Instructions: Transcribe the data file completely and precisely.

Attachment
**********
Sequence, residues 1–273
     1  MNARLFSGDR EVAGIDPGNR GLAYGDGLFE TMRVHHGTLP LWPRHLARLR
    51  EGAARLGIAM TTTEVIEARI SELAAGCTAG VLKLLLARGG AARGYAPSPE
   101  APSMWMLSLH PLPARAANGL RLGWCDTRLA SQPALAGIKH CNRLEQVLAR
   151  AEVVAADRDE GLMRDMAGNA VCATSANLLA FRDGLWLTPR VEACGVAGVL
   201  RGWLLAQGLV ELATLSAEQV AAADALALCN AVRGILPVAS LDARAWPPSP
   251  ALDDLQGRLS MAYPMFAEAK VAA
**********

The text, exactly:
Sequence, residues 1–273
     1  MNARLFSGDR EVAGIDPGNR GLAYGDGLFE TMRVHHGTLP LWPRHLARLR
    51  EGAARLGIAM TTTEVIEARI SELAAGCTAG VLKLLLARGG AARGYAPSPE
   101  APSMWMLSLH PLPARAANGL RLGWCDTRLA SQPALAGIKH CNRLEQVLAR
   151  AEVVAADRDE GLMRDMAGNA VCATSANLLA FRDGLWLTPR VEACGVAGVL
   201  RGWLLAQGLV ELATLSAEQV AAADALALCN AVRGILPVAS LDARAWPPSP
   251  ALDDLQGRLS MAYPMFAEAK VAA